The first Creative Social Enterprise conference at the Lighthouse in Glasgow was a great success. Our keynote speakers Derek Marshall (Factory Skatepark, Dundee) and Sergio Lopez Figueroa (Big Bang Lab) were well received and we were also lucky enough to have input from Andrew Dixon, new CEO of Creative Scotland. The Big Bang Lab promotes cultural heritage as a means to achieve sustainability and socio-economic development and Sergio has asked us to invite bulletin readers to become involved in his crowdsourcing scheme in his bid to attend the prestigious ‘Meeting of the Minds Conference’ in Omaha, Nebraska in June. https://senscot.net/?viewid=9601
The Highland and Islands have always been pioneers when it comes to social enterprise. We hear this week they are maintaining their reputation with HIE’s plans for the Inverness campus for the University of the Highlands and Islands in Inverness including hotel and hospitality services run as social enterprises. See more, https://senscot.net/?viewid=9579
DTA Scotland this week launched their ‘Public Asset Transfer; Empowering Communities’ Interim Report at a symposium held in Edinburgh on Wednesday. Over 20 of Scotland’s 32 local authorities attended the session that focused on how communities can be supported to take on assets. Evidence on the day suggests there could well be a sea-change from the community-led demand side to local authority-led supply side. The next round of Growing Community Assets funding is due to be launched by the Lottery at the end of June. Here’s the Report https://senscot.net/?viewid=9586
Following this week’s social enterprise and creativity conference, the bulletin profiles the children’s theatre company, Licketyspit. Based at the Brunton Theatre in Musselburgh since 2004, Licketyspit works directly with children to create shows and education projects. Their work specialises in creating work for Early Years children with their families and with their schools and includes shows, workshops as well as the production of books and CDs. For more, see http://www.senscot.net/view_prof.php?viewid=9582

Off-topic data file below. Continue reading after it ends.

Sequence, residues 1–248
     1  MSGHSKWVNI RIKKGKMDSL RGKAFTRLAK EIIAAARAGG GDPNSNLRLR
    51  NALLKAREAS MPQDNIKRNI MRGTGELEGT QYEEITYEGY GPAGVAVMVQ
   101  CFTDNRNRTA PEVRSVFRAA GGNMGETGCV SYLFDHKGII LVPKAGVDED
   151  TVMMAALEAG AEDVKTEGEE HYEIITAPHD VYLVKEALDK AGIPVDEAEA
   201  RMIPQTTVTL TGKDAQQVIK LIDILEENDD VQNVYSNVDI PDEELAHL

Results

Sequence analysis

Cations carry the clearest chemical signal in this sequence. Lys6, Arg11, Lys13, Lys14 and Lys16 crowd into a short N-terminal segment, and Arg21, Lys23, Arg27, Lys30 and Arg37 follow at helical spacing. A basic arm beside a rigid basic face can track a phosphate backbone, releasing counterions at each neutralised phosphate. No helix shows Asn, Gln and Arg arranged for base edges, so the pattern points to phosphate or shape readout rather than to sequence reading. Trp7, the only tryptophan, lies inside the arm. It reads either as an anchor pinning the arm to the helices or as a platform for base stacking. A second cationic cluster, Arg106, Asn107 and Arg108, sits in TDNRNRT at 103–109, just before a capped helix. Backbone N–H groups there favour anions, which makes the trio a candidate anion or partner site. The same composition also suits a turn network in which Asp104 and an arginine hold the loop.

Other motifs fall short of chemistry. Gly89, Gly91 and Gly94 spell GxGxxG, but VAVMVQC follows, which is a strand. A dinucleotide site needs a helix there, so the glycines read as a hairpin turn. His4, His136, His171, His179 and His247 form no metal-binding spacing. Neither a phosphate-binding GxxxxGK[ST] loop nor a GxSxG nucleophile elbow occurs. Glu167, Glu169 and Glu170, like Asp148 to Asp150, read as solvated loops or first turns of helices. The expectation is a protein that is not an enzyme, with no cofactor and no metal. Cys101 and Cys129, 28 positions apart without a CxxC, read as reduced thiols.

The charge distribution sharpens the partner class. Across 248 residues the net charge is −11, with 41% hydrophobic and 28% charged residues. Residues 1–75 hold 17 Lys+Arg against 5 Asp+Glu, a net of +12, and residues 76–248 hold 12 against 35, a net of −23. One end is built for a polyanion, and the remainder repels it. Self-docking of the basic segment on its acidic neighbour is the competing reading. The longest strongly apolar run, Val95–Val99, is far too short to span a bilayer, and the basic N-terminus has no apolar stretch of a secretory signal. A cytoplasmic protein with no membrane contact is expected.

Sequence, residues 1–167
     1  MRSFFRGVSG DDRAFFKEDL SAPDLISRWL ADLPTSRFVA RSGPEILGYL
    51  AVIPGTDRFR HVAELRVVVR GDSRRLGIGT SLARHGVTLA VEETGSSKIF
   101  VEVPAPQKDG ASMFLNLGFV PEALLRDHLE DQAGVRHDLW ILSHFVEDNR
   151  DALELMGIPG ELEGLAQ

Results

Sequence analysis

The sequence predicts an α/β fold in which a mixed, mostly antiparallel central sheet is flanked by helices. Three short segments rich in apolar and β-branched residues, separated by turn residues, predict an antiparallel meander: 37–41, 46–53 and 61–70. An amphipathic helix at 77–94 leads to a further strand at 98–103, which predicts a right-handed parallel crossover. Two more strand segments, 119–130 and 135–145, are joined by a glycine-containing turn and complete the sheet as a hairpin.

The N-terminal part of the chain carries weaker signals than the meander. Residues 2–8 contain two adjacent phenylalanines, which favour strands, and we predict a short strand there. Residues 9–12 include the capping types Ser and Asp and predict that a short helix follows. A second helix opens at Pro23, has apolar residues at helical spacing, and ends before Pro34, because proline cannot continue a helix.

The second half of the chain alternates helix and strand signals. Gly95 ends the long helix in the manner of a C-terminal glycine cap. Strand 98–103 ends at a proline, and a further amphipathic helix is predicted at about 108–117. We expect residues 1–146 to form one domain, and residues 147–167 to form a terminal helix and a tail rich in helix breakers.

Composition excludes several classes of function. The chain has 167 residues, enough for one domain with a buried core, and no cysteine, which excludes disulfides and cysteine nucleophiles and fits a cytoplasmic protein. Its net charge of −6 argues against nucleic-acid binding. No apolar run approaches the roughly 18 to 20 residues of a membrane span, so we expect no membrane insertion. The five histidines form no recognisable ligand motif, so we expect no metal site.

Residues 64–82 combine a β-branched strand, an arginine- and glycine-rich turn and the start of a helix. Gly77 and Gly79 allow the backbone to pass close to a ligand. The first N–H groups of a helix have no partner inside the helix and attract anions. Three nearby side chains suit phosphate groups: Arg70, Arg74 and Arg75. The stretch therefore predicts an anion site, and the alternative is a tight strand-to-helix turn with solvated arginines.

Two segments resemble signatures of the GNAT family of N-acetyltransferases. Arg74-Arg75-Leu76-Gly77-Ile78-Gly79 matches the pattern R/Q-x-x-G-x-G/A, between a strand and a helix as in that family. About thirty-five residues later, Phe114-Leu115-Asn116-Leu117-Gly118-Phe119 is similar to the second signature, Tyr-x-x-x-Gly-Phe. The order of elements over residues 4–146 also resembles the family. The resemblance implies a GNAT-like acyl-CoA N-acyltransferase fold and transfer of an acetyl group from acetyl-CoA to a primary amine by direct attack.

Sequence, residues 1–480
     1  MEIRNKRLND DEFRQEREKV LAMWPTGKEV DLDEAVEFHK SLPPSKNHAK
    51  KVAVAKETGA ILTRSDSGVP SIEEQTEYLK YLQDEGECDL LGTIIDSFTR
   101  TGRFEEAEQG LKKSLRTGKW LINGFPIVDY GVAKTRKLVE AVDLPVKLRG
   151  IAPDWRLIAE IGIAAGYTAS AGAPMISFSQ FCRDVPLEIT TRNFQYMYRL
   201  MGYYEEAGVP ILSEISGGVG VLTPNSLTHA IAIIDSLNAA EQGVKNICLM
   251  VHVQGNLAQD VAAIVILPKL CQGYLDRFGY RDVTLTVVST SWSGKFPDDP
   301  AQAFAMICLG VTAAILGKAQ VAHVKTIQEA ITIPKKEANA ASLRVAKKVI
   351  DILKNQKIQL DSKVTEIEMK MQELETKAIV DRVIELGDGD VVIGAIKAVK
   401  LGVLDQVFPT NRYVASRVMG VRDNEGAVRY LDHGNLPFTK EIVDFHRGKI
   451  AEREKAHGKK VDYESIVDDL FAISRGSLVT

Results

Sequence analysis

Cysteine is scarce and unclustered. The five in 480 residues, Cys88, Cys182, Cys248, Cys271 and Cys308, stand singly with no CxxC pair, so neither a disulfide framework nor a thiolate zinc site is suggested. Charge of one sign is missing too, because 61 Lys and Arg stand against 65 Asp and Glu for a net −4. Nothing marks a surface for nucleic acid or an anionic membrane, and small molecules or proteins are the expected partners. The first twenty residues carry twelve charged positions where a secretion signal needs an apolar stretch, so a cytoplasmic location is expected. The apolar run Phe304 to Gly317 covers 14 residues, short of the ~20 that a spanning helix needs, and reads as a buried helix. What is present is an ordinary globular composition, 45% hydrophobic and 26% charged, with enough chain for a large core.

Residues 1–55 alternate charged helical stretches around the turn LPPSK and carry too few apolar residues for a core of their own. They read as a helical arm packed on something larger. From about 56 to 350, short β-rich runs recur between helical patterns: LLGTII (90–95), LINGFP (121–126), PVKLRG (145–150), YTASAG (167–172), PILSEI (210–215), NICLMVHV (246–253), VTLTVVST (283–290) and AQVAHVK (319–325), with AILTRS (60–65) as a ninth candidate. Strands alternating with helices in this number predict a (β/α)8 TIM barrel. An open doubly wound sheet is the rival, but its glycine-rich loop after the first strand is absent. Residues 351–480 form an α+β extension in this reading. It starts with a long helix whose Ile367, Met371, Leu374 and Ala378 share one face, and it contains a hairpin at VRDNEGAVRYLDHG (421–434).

Jiddu Krishnamurti (1895-1986) was a devastating critic of all religions – doctrines, creeds, gurus, etc. He taught that we must all free ourselves from other people’s dogma – to find our own ‘truth’.
"There’s a sacredness which is not of thought, nor of a feeling resuscitated by thought – a sacredness, untouched by any symbol or word. It is not communicable. It is a fact. A fact is to be seen and the seeing is not through the word. When a fact is interpreted, it ceases to be a fact; it becomes something entirely different. This seeing is out of time-space; it’s immediate, instantaneous. And what’s seen is never the same again. This sacredness has no worshipper, the observer who meditates upon it. It’s not in the market to be bought or sold. Like beauty, it cannot be seen through its opposite for it has no opposite."
That’s all for this week. Good luck with your adventures